It seems almost every week now that the latest courtesy email drops in my inbox informing me of another political visitor to Orkney. We have had ministers from Edinburgh and London, parliamentary delegations and individual MPs. They cannot all be here for the bracing weather and the beaches. Why all the hullaballoo?

In point of fact, it does not take any great imagination to see what has drawn so many public figures to the isles. COP26 is rapidly approaching and focusing all political minds upon climate issues and green projects. The European Marine Energy Centre has become a shining light for green innovation in our country, and everyone and their cat wants to bask in the reflected success.

Now is the time, therefore, for all parties to pay for their photo ops with political support for tidal stream rollout – starting at the top.

Today – and at almost every opportunity I have had for months – I pressed ministers in Parliament to look at the fiscal support they can put in place to allow the transition from successful technical demonstration to mainstream commercial rollout. Not for the first time, I heard positive words from those on the government benches – but time is ticking and the much-awaited tidal stream funding pot has yet to materialise.

I have no problem (really!) with anyone of any party making the pilgrimage to EMEC or any of the other successful green energy projects – for there are many – in the Northern Isles. The frustrating reality, however, is that such visits only tend to come once the success is already easy to see. When there is a need for future action and investment, MPs and ministers are less ready to put their money where their mouth is.

Putting fiscal support behind these proven technologies should be a no-brainer. Tidal stream energy is at the cutting edge of renewable power. It is both more sustainable than fossil fuels and more reliable than existing wind power. Short of the Moon falling out of the sky, there are few things more reliable in our world than the tides coming in and going out.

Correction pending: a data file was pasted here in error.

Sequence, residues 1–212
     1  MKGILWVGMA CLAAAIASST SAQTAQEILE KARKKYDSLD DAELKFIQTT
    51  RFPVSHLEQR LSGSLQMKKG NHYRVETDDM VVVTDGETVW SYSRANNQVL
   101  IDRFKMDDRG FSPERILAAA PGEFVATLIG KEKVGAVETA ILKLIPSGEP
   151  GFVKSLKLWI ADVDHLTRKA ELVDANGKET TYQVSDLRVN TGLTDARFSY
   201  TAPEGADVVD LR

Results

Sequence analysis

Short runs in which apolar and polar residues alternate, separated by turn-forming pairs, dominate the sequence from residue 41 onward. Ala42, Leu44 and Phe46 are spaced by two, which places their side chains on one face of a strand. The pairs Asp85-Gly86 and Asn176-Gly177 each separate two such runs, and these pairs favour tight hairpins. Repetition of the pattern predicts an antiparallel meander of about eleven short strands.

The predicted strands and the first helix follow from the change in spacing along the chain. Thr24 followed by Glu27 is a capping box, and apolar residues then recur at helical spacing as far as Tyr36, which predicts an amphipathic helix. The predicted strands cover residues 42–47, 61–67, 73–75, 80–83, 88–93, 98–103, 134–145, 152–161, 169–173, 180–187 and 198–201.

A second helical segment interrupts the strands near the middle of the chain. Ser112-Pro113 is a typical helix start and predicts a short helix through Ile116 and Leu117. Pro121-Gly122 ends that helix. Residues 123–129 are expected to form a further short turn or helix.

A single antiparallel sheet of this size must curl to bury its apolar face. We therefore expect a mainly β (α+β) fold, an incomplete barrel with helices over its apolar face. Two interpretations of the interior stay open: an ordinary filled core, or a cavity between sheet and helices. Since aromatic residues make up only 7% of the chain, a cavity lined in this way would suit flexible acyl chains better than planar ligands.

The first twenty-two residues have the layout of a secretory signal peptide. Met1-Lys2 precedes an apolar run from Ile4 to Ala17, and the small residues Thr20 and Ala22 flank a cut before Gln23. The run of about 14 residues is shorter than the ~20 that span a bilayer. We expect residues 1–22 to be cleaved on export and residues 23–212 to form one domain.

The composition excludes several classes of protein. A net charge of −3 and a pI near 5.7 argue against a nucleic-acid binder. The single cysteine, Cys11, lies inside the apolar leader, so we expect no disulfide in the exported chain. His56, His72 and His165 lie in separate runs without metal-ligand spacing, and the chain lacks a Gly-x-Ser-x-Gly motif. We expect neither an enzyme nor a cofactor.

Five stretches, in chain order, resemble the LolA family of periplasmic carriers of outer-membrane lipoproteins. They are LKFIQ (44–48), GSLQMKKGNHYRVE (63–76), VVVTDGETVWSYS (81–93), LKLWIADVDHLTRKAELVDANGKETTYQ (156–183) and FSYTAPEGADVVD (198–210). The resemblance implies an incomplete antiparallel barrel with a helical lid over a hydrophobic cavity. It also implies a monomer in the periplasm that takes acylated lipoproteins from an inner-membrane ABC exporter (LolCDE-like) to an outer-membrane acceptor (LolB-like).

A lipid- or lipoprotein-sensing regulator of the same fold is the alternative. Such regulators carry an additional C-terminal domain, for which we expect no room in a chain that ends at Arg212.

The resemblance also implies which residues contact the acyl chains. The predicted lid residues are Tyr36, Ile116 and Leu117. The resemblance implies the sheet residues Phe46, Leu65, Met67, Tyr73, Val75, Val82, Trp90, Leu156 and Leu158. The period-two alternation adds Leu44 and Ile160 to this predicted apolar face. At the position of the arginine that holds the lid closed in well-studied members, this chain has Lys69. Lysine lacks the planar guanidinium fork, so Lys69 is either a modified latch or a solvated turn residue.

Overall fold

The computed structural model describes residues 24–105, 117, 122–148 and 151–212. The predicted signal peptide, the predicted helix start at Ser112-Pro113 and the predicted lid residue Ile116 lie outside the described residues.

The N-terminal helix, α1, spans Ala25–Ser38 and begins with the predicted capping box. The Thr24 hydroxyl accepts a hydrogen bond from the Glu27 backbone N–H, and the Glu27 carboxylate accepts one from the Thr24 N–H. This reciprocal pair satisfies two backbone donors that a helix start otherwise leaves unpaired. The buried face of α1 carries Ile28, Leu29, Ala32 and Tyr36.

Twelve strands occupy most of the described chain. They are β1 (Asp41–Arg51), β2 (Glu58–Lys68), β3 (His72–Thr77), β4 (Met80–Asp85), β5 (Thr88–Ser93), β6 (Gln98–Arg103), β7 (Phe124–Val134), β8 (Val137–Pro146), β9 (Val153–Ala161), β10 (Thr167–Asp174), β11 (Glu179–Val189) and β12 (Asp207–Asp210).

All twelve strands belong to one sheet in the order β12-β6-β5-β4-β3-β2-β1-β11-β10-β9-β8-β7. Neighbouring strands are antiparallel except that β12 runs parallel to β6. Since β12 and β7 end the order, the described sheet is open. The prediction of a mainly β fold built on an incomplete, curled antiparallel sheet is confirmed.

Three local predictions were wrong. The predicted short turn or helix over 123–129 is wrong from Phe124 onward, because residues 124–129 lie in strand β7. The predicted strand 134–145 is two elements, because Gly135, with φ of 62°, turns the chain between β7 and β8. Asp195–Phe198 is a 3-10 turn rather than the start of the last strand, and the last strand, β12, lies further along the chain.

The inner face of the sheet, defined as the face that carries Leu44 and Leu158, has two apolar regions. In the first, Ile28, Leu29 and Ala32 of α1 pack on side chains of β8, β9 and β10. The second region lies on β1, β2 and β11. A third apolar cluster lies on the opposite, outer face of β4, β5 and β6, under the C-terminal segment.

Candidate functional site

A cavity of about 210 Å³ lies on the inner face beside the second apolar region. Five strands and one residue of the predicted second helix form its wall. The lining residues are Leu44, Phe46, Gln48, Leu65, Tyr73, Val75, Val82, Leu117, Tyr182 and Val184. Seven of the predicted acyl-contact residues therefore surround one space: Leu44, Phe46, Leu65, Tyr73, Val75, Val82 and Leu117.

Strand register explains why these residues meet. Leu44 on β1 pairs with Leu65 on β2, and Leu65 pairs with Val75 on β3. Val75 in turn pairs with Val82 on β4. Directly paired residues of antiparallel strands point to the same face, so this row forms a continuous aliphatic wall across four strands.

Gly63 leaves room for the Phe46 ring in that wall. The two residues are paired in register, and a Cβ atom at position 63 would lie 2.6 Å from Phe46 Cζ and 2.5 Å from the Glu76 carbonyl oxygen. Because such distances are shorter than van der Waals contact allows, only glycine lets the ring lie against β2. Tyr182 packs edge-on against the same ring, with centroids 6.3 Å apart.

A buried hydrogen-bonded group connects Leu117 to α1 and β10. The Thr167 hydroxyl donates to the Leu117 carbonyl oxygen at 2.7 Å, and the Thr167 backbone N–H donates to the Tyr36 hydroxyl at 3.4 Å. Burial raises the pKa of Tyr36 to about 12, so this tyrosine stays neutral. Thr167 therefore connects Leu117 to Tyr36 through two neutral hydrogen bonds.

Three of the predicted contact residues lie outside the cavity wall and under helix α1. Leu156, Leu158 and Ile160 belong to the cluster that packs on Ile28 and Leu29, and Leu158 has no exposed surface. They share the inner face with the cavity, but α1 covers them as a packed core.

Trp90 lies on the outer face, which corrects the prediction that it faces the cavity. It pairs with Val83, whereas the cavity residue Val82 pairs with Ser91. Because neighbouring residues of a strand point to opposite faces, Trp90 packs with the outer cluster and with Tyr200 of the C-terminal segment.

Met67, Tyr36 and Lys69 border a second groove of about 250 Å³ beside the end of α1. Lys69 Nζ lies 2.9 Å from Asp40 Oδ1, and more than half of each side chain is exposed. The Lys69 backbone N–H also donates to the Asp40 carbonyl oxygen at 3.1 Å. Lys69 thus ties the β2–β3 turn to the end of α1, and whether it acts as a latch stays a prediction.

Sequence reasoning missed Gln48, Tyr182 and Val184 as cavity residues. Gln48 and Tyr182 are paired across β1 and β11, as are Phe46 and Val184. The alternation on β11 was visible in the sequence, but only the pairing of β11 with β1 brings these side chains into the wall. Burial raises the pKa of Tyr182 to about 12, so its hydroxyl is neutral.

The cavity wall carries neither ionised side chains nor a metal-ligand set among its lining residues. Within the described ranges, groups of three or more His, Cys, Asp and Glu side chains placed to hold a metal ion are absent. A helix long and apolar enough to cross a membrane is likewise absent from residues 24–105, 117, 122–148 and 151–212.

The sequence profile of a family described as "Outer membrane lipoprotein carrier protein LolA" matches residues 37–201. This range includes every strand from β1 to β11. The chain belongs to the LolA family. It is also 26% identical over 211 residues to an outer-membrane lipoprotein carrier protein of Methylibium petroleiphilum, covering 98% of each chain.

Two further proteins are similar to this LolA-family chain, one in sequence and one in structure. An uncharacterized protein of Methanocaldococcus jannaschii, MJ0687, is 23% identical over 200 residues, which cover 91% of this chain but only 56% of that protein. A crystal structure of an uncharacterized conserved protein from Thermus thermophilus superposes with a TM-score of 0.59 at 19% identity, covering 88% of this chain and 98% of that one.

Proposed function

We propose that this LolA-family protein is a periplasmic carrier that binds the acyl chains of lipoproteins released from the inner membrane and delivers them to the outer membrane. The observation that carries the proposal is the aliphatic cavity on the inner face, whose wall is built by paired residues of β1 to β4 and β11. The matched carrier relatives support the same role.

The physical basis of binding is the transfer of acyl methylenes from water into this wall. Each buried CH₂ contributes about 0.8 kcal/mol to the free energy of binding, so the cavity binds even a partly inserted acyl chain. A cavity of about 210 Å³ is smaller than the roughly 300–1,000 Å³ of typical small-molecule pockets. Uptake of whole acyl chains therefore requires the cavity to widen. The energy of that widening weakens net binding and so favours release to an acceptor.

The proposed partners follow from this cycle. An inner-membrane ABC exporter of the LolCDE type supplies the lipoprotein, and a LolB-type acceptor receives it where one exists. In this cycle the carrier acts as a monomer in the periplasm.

There appears, however, to be a perpetual hesitancy amongst those with their hand on the fiscal levers to back marine renewables to the degree required. At first glance, it is easy to see why. Existing power sources are superficially cheaper, because they are already fully optimised for scale and easy to deploy. Why spend more when you could spend less?

Such a view is, of course, short-sighted. The transition from proof-of-concept to market-ready deployment is always one in which initial costs will be higher, as supply chains are developed and technical barriers are broken down. Once we get past that hump, costs are likely to drop rapidly – but we can only get past it at pace with government backing. Short term cost – for long term benefits.

We have built a real and notable lead in the global development of tidal stream power, but that lead is already under threat. Other countries can grasp the potential of marine renewables, and if we do not seize the opportunity in front of us, they will. We have to lead now, or we shall find ourselves buying abroad later what we could have produced here.

These are the green technologies of the future. If we can lead in their development and deployment then we can reap the benefits in the years to come. As COP26 hoves into view, it is time for the government to move from positive words to positive action.


Alistair Carmichael is the Liberal Democrat MP for Orkney and Shetland